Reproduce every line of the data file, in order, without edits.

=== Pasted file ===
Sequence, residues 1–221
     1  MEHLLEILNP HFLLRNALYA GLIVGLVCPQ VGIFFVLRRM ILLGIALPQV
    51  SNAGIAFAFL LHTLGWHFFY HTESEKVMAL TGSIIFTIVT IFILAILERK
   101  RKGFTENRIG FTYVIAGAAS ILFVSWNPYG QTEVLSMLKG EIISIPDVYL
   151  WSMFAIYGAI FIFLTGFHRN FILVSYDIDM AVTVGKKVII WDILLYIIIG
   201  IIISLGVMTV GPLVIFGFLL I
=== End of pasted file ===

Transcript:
Sequence, residues 1–221
     1  MEHLLEILNP HFLLRNALYA GLIVGLVCPQ VGIFFVLRRM ILLGIALPQV
    51  SNAGIAFAFL LHTLGWHFFY HTESEKVMAL TGSIIFTIVT IFILAILERK
   101  RKGFTENRIG FTYVIAGAAS ILFVSWNPYG QTEVLSMLKG EIISIPDVYL
   151  WSMFAIYGAI FIFLTGFHRN FILVSYDIDM AVTVGKKVII WDILLYIIIG
   201  IIISLGVMTV GPLVIFGFLL I